Gadolinium-enhanced MRA is rapidly becoming the technique of choice for imaging the renal arteries (see the images below). MRA has several advantages compared with conventional digital subtraction angiography (DSA). MRI and MRA are noninvasive and use no ionizing radiation. Gadolinium-based contrast media are safe to use in patients with renal insufficiency because the agents have minimal nephrotoxic effects. MRA provides true anatomic images and permits multiplanar reformatting. High-performance MR gradient systems allow the acquisition of 3D volumes in a single breath hold of shorter than 30 seconds. Imaging of the renal arteries is important in the examination of potential renal donors and of transplant patients with suspected renal artery stenosis.
MRI offers several advantages in the pretransplantation donor and recipient evaluation. MRI offers good spatial resolution with excellent tissue differentiation. No adverse effects related to radiation are known, and the gadolinium-based IV contrast agents can be safely used in patients with renal insufficiency. MRA with gadolinium enhancement has been improved by the development of fast 3D gradient-echo sequences. The T1 shortening effect of the IV injection of paramagnetic contrast material significantly improves vessel imaging by eliminating signal loss from saturation effects, minimizing dependence of the inflow phenomenon, and possibly decreasing intravoxel dephasing effects.
MRA demonstrates accessory renal arteries using gadolinium agents with the same degree of accuracy as CTA. MRA has been successfully applied to the diagnosis of most of the complications related to acute renal transplant vascular thrombosis. Gadopentetate dimeglumine (DTPA), when administered as an IV bolus during MRA, provides qualitative functional information concerning the renal transplant. It demonstrates the morphology in a manner similar to CT and is generally superior to diagnostic US.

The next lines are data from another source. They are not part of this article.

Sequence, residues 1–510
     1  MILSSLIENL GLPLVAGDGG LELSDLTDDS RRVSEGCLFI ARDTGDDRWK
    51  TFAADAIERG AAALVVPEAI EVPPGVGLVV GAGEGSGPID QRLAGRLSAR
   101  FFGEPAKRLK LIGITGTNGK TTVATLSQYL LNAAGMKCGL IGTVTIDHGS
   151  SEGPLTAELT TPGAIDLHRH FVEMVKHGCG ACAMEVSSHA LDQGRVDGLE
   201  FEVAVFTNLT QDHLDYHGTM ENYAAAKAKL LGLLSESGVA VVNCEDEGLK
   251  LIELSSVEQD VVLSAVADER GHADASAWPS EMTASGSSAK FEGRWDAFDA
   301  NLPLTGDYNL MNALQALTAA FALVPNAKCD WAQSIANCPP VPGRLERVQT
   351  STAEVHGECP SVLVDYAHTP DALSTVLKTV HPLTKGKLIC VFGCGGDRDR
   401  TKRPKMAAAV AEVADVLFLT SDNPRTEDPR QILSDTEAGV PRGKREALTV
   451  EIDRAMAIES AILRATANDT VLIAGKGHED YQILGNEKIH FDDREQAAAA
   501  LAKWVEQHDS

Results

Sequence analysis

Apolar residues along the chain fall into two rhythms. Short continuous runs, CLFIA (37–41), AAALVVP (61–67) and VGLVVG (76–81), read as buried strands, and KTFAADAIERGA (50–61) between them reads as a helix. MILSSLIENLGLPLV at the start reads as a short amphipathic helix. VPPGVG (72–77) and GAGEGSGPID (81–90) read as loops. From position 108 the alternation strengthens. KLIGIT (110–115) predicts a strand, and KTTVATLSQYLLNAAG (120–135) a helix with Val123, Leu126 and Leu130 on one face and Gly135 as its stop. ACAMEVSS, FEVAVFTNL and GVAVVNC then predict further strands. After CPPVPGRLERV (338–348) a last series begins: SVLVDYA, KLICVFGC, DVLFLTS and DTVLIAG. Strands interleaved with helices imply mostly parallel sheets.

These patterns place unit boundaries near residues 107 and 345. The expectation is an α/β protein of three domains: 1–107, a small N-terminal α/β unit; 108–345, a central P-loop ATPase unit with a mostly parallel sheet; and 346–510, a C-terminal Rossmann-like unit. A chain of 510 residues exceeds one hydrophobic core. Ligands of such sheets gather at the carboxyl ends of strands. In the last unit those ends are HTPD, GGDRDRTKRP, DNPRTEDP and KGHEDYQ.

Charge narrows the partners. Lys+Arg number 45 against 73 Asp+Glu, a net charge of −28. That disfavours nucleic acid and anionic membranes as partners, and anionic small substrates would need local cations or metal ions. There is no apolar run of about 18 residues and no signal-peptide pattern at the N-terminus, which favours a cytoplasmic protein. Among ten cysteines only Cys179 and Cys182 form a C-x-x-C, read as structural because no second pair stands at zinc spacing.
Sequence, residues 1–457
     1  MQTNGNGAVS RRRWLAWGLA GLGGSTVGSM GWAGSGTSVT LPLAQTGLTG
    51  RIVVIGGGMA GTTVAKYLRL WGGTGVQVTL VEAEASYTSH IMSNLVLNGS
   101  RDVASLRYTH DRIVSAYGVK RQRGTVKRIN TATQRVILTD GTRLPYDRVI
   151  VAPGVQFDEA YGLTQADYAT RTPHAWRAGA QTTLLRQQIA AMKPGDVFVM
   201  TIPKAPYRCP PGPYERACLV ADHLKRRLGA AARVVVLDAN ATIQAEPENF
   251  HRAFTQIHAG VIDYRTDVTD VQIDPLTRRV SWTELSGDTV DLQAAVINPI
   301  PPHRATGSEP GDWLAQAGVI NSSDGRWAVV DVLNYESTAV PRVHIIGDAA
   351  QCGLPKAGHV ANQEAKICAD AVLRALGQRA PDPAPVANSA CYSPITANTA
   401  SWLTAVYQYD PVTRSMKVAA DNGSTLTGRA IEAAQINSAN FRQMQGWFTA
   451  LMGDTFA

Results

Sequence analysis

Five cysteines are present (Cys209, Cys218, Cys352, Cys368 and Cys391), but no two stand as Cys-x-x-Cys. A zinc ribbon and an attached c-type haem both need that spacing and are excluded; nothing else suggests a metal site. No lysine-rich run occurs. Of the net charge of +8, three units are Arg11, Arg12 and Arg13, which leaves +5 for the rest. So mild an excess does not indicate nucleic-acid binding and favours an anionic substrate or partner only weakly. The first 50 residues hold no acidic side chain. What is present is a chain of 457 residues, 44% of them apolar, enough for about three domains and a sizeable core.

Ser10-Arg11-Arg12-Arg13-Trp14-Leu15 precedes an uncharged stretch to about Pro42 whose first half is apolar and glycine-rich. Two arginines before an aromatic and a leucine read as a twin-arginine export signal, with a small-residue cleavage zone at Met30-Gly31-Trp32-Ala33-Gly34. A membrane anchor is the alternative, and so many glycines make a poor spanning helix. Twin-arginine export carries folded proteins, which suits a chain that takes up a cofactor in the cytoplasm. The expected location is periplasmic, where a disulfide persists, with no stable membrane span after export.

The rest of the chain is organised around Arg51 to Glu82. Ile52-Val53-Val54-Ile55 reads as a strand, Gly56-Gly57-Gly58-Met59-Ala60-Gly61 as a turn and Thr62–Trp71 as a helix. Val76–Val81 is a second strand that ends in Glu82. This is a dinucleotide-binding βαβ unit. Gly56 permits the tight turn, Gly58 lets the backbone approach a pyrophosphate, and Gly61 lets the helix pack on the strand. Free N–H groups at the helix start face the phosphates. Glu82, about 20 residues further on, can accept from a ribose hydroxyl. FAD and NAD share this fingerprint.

Gadolinium-based contrast agents have been linked to the development of nephrogenic systemic fibrosis (NSF) or nephrogenic fibrosing dermopathy (NFD). The disease has occurred in patients with moderate to end-stage renal disease after being given a gadolinium-based contrast agent to enhance MRI or MRA scans. NSF/NFD is a debilitating and sometimes fatal disease. Characteristics include red or dark patches on the skin; burning, itching, swelling, hardening, and tightening of the skin; yellow spots on the whites of the eyes; joint stiffness with trouble moving or straightening the arms, hands, legs, or feet; pain deep in the hip bones or ribs; and muscle weakness.
Degree of confidence
MRI has several limitations that should be considered in the choice of MRI, CT, US, or radionuclide-based imaging. The spatial resolution of MRI is generally less than that of CT, while the functional information available is generally qualitative compared with the quantitative data provided by nuclear renal scans. Patients with pacemakers, cochlear implants, most intracranial aneurysm clips, or severe claustrophobia cannot be safely examined using MRI. The use of conscious sedation in mildly claustrophobic patients and young children can be considered in MRI, but this adds to the cost.